I have a friend who has spent many years in a wheelchair having been paralysed by a driver who should have had their licence revoked but hadn’t.

They don’t take way your licence for no reason. If you’re usually ok they just put you on a 3 year review.

If you ignore this and end up hurting someone through your own selfishness that would be way worse.

Hopefully you’d retain your licence but if not then it’s probably the right thing.

Good luck


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Hi Doc,

After have driven more miles, in more countries, in more different vehicles, than most people, I would have thought you would have had enough by now.

If your optometrist doesn’t not pick up a condition your nurse did, do you really want a person like that looking after your eye health?

Go and collect your bus pass and give the public a fighting chance.



It does seem like a few people have totally missed the point.

My MS Nurse is not qualified to diagnose Nystagmus. All she can do is what she has done - advise me to see an optometrist.
I can detect Nystagmus, but I am not qualified to diagnose it, or to say how bad it is.

The same thing would apply to bi-polar disorder (otherwise Manic Depression) which is another condition that has to be reported to the DVLA. I can observe it, I can identify it but I CANNOT diagnose it, because I am not a Clinical Psychologist.

The same thing again would apply to a physical neurological examination. Yes, I know how to do that as far as identifying spinal chord problems; BUT, I CANNOT diagnose (or even say roughly at which vertebrae the trouble is). That puts me on a par (in this instance) with the GP who at the onset of what started a transverse myelitis “I don’t know what the trouble is, but I do know that you need to see a neurologist - fast”.

If you want to consider the inconsistencies in the rules, consider this:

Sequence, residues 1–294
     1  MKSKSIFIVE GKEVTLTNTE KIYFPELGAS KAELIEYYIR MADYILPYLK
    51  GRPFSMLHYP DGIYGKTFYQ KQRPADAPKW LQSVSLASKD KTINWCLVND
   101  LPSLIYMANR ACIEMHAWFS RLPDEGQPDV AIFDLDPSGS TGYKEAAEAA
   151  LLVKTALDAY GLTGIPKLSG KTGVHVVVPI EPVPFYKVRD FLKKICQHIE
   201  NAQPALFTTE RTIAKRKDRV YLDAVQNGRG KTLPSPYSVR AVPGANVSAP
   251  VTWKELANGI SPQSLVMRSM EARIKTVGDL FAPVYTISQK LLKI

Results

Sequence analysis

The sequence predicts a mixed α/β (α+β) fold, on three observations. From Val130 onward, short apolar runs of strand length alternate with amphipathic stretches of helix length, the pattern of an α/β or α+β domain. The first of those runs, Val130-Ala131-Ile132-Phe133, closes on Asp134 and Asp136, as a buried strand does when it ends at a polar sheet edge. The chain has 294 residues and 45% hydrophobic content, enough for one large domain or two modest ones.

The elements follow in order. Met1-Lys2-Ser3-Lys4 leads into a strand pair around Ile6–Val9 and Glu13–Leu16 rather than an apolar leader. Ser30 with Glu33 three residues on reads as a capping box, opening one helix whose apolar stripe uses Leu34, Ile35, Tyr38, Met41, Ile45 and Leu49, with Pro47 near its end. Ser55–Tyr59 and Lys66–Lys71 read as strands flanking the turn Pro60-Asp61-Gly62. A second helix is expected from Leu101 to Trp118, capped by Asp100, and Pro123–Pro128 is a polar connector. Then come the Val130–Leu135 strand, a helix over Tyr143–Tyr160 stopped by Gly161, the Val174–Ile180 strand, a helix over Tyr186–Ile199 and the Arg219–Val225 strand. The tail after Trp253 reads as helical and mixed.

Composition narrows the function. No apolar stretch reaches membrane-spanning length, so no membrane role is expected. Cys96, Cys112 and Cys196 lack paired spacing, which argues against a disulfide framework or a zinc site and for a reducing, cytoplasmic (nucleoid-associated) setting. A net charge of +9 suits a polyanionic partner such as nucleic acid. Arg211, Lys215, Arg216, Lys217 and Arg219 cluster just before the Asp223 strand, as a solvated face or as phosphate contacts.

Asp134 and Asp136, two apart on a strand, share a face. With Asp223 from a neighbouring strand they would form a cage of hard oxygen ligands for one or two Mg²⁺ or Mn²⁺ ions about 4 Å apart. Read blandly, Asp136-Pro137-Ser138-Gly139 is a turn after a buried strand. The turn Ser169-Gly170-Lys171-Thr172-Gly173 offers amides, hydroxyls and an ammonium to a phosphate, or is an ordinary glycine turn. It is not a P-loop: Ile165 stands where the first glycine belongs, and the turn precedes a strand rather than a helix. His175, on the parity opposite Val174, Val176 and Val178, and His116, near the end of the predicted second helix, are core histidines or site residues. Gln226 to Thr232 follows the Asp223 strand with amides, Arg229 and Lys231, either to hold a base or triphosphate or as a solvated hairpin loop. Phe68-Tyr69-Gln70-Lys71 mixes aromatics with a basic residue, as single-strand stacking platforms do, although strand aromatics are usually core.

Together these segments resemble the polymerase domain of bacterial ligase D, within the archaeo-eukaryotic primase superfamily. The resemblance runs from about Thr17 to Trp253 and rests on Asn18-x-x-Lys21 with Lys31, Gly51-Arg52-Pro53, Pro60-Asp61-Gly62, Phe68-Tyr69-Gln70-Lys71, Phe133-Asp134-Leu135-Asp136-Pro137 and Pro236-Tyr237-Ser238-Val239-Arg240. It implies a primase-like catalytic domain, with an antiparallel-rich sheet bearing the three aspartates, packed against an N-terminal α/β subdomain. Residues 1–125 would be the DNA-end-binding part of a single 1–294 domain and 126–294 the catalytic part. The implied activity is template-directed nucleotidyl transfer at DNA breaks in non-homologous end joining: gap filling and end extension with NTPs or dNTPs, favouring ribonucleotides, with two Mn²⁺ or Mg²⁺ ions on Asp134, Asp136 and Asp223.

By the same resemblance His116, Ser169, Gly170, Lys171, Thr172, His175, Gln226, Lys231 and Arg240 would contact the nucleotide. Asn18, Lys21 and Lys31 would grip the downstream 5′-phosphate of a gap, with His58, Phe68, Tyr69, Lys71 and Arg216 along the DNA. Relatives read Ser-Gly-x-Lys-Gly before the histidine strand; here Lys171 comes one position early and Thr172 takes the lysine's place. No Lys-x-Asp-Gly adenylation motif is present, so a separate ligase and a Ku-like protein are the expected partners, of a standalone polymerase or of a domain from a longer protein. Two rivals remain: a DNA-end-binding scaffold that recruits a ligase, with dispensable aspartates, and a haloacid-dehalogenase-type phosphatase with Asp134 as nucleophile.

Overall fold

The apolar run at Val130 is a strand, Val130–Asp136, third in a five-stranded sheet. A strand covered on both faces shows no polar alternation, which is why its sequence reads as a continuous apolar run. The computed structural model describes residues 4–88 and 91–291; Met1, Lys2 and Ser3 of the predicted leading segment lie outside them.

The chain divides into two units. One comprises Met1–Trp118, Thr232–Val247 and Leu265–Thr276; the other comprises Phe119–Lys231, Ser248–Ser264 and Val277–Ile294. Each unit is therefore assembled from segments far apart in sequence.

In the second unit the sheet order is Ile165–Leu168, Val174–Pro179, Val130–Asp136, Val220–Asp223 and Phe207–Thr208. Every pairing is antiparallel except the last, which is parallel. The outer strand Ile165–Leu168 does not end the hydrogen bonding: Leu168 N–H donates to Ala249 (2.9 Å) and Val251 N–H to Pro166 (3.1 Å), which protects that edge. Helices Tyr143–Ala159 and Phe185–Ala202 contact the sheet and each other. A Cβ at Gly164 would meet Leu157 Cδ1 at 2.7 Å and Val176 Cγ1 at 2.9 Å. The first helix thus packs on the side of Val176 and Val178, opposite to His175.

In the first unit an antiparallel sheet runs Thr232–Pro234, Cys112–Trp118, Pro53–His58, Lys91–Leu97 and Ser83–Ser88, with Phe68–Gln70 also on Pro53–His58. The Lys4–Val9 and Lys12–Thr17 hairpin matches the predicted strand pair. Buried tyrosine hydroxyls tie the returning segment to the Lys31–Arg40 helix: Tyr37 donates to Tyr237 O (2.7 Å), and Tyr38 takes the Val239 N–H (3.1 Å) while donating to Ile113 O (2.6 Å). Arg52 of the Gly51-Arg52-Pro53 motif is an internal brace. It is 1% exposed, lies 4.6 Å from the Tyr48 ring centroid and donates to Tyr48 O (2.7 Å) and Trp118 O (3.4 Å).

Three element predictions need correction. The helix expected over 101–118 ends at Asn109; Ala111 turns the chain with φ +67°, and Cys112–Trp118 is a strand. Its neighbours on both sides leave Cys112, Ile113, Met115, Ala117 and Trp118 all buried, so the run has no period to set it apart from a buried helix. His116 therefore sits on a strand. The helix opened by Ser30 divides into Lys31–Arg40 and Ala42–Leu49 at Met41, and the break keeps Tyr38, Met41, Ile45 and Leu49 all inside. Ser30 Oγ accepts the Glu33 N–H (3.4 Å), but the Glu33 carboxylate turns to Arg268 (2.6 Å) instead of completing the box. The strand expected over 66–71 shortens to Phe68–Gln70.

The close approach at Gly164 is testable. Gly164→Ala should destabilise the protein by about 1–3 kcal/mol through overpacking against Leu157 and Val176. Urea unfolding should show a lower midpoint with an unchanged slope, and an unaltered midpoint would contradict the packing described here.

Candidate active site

Diplopia (double vision) is reportable.
You only have to report a condition that only affects both eyes.
Most Diplopia is the result of a problem with one eye.
Most Diplopia can be handled by a patch over one eye = monocular vision.
It is legal to drive with monocular vision provided you meet the vision requirements for driving

And, do please note that very slow reaction times are not (officially) a reason to stop driving.


I would say nothing to the optometrist about what the nurse says re Nystagmus. (As she is not an opthalmologist she can’t diagnose it and I doubt she would make a note of it on your records because she’s not qualified to do that.)

Get checked by the optometrist and if nothing amiss is noted than you have the all clear.

The DVLA will ask what specialist treatments and consultants you are seeing. Once I had to do one of those mad spot the dot tests for my peripheral vision. The optometrist did it twice and chose the better one. It was no problem. The three year thing is a pain though.

Best wishes, Steve.

Yes, the 3-year licence is a pain - but see post #4 above where they replaced my 3-year licence with a 3-year licence.

For me, the humour is that while I can no longer drive anything over 1.5 tons, the DVLA have left me with my licence to drive a Main Battle Tank!
Now I could not get into the drivers compartment on one of our Challenger IIs, and could not drive it if I could (I could never operate the clutch) I could still handle a US Abrams (auto transmisssion). Anyone got one spare lying around?